by Dovid Landesman
This evening I had an experience that reinforced my sense of the singular quality of the Jewish community living in Eretz Yisrael. There is a unique familial relationship that this land can and often does evoke from its citizens. In place of the divisions along ethnic grounds or according to the level of religious commitment, I was privileged to witness an example of klal Yisrael at its finest hour of achdut. For a short period of time there were no barriers – just a group of brothers working together in perfect harmony.
The scenario: My son, who serves as a volunteer medic for Hatzalah and Magen David Adom, is also on call as member of a police unit responsible for search and rescue in the Judean hills. Tonight, as we were about to begin learning, he received a call from the police dispatcher informing him that a cyclist had fallen in Nachal Sorek, a popular trail that begins near Hadassah hospital and ends near Beit Shemesh.
The area where the cyclist was injured is accessible only by four wheel drive vehicles, so we got into my son’s pick-up and set off. My son-in-law, a paramedic in the IDF, was also in the house and he came along to lend his considerable field experience in treating trauma patients. About 500 yards into the canyon, we saw a Magen David ambulance with no one inside. We surmised that the ambulance crew had determined that they could not safely drive their vehicle any further into the area and had therefore unloaded the equipment that they needed and had set out on foot to find the cyclist.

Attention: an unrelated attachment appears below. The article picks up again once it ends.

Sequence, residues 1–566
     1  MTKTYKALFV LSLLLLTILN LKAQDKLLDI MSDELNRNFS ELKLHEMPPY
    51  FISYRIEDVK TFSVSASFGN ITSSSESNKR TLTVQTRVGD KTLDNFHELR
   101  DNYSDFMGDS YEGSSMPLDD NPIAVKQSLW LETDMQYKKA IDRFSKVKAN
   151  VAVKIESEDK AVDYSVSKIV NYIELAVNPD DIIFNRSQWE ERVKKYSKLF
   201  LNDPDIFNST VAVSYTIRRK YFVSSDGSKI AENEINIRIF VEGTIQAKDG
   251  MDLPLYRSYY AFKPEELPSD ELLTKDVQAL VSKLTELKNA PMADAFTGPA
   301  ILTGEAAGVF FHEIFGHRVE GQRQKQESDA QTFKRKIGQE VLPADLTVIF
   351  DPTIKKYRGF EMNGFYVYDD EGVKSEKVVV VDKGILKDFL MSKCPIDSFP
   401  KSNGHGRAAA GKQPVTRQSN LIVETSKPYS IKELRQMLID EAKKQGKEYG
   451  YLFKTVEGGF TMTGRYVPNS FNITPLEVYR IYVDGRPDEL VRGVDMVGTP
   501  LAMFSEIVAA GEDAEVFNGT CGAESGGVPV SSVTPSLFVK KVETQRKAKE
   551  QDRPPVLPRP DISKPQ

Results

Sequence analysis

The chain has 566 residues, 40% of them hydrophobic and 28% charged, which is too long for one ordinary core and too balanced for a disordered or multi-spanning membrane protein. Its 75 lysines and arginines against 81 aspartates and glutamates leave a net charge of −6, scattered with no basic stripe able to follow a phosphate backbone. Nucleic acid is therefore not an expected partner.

When we arrived on the scene, this is what we discovereed: a police jeep with two officers, two other members of my son’s volunteer rescue unit, a Magen David 4×4 ambulance dispatched from Hadassah hospital, two medics from the Israel Air Force’s famed 669 rescue unit who had rappeled down from their helicopter which was hovering overhead with its searchlight illuminating the area and two border policemen who had been dispatched as security when the air force unit was called in.
One of the police – a woman officer – was interviewing the family of the young man – a twenty year old yeshiva student – who was injured. The Magen David medic, a chassidishe avreich – was transferring command of the scene to the two soldiers of the air force who were more experienced medics with special training. He remained on hand to assist them along with a young female MDA volunteer. When my son-in-law told the soldiers that he was an army paramedic, they immediately deferred to him.
After an examination to ascertain the extent of his injuries, and after putting his badly broken arm into a sling, the young man was tied onto a stretcher. The helicopter could not land because of the nature of the area and could not descend lower than about 150 feet because of the winds in the canyon. A steel cable was sent down and the stretcher was securely fastened onto it. One of the air force medics secured himself to the cable as well and the signal was given to winch them up. The helicopter then flew off to Hadassah’s emergency room.
The police officer asked the injured young man’s father if he had a car in the area. When he was told that he did not, he ordered the border policemen to load the family’s bikes into the back of their pickup and bring them to the Beit Shemesh police station. He then told the father to get into his jeep so that he could drive him to the hospital.
When one opens an Israeli newspaper or listens to the news, one is convinced that we are on the brink of a civil war between chareidim and chilonim. Pass by a demonstration in Meah Sheraim or in Yaffo and you will hear epithets being hurled at the police and border patrol that are chilling and beyond belief. The malachei chabalah – angels of destruction – unleashed into this world are equal opportunity proponents who do not discriminate according to race, color or level of observance. How uplifting was it therefore to be witness to a joint effort that seemed so perfectly natural. Once again I can fall back into my default position of optimism that we can build a society together. Take a look down, mamma Rochel. Yesh tikvah l’achriteich.
Dovid Landesman resides in Ramat Beit Shemesh where he comments on the foibles of life in Zion. His new book, Food For Thought – No Hechsher Required, is scheduled for publication this winter.